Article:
Military Hospitals Come Under Investigation
Department of Defense Secretary Robert Gates on Friday announced the creation of an independent panel to examine outpatient conditions at Walter Reed Army Medical Center and other military hospitals, the Los Angeles Times reports (Barnes, Los Angeles Times, 2/24).
The Washington Post this month published a two-part series that examined conditions at the military hospital. One article profiled the state of Building 18, which has mold, cockroaches and stained carpets, among other issues.
The series also examined the process by which injured soldiers seek disability compensation (California Healthline, 2/22).
Gates said he was "grateful to reporters for bringing this to our attention but thoroughly disappointed we did not identify it ourselves."
The eight-member panel will examine all rehabilitative care and administrative procedures at Walter Reed and the National Naval Medical Center in Bethesda, Md. Panel members will have "free and unrestricted access" to visit all medical facilities and interview personnel, Gates said.
The panel will be co-chaired by Togo West, former Veterans Affairs secretary and secretary of the Army during the Clinton administration, and by John Marsh, former secretary of the Army under President Reagan and a former Virginia congressman. The panel also will include two former members of Congress, three retired senior military officers and a retired command sergeant major (Vogel, Washington Post, 2/24).
The panel's report is due within 45 days, Gates said (AP/Boston Herald, 2/24). Gates said that some personnel directly involved with problems at Walter Reed have been "relieved" of their duties.
The Times reports that according to Army officials, "no officers had been removed from command positions, but ... there had been administrative reassignments of some midlevel officials at the hospital" (Los Angeles Times, 2/24).
The Senate Armed Services Committee has scheduled hearings on Walter Reed for March 6, according to a spokesperson for panel Chair Carl Levin (D-Mich.). Ranking member John Warner (R-Va.) toured Walter Reed on Friday (Washington Post, 2/24).
Sens. Barack Obama (D-Ill.) and Claire McCaskill (D-Mo.) next week plan to introduce a bill to increase oversight at Walter Reed, among other issues, according to a Democratic congressional staffer (Los Angeles Times, 2/24).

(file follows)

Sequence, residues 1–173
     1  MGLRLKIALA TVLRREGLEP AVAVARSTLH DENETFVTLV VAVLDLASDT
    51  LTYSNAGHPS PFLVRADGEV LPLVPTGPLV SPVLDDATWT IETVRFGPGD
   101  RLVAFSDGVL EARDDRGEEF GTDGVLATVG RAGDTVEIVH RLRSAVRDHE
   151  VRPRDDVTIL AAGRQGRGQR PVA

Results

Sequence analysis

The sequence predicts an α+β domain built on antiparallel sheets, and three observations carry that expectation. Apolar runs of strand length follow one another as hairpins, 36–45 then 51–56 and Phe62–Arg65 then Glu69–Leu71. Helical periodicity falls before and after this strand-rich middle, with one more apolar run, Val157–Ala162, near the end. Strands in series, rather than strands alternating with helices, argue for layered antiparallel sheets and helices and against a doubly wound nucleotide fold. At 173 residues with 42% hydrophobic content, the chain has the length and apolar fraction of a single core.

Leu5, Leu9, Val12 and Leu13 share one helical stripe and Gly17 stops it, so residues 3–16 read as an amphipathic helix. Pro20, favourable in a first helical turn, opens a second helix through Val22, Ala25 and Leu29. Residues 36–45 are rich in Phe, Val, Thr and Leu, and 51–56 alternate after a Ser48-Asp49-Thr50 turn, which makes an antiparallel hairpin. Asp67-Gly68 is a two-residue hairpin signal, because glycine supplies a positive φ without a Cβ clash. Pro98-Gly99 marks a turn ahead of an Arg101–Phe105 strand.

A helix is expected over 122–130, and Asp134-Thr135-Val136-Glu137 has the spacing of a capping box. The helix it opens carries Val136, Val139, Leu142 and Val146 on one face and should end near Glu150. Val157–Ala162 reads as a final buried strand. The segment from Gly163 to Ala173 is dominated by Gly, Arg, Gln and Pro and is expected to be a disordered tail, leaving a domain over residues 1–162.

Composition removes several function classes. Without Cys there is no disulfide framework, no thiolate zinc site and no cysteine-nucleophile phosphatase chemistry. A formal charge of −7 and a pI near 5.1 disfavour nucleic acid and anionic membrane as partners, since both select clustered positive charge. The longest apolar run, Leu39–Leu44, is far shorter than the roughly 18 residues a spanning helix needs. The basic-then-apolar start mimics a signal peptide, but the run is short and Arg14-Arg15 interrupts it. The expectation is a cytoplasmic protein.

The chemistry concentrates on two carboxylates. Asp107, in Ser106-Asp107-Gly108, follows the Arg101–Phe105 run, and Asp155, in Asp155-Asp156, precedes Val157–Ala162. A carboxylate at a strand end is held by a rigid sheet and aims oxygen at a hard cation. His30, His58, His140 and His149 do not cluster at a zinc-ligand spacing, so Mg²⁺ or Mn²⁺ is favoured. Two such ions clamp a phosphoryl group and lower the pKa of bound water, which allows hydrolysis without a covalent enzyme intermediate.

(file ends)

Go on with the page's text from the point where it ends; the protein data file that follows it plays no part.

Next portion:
Gates on Friday also met with President Bush to brief him on actions taken to address problems at Walter Reed. He said that the president is, "understandably, concerned" (Washington Post, 2/24).
In related news, a report released by a task force of the American Psychological Association on Sunday found that the U.S. military is not fully addressing the mental health needs of returning veterans, USA Today reports. The study, led by Ron Palomares, found that the Pentagon did not establish high-quality mental health programs across the military.
The report also noted a 22% decline in the number of uniformed clinical psychologists in the military and a 40% vacancy rate among licensed clinical psychologist positions in the Army and Navy. In addition, the study noted the "absence of systematic research" on the impact of war on military spouses and children, which the report labeled as "striking" (Zoroya, USA Today, 2/26).
The report found that three out of 10 soldiers qualified as having a mental disorder and that less than half of those who met the criteria sought help, sometimes because of stigma associated with mental health problems and sometimes because assistance was not available.
Veterans for America President Bobby Muller said, "The system as it exists today ignores the readjustment needs specific to Iraq and Afghanistan service members. We have to stop throwing money at a problem that requires a complete overhaul. The system is broken."
Pentagon spokesperson Cynthia Smith said, "For the past four years," DOD "has been aggressively reaching out to support our military personnel before and after deployments. This is unprecedented" (Borenstein, AP/Long Island Newsday, 2/25). Smith added, "No military in the history of the world has done more to identify, evaluate, prevent and treat the mental health needs and concerns of its personnel than the military services of the United States" (USA Today, 2/26).
The Pentagon "seems to be responding quickly to many of the problems" found at Walter Reed, but "the most disturbing problem uncovered in the Post's series is getting the least public acknowledgment from generals and journalists alike," a Washington Post editorial states. According to the Post, veterans' difficulty in receiving "fair disability compensation" has yet to be addressed.
"There's no excuse for the Army to try so hard to deny disability compensation to wounded soldiers," the editorial states, adding, "[a]fter sacrificing their health, they should get the benefit of the doubt in such decisions. After all, improperly denying compensation can bankrupt soldiers and their families for years" (Washington Post, 2/24).
NPR's "All Things Considered" on Friday reported on Gates' announcement. The segment includes comments from Gates, Col. Douglas McGregor and Lt. Gen. Kevin Kiley of the U.S. Army Medical Command (Raz, "All Things Considered," NPR, 2/23).
Audio of the segment is available online.
NPR's "Day To Day" on Friday featured a discussion with NPR reporter Guy Raz on the situation at Walter Reed (Raz, "Day To Day," NPR, 2/23).
Audio of the segment is available online.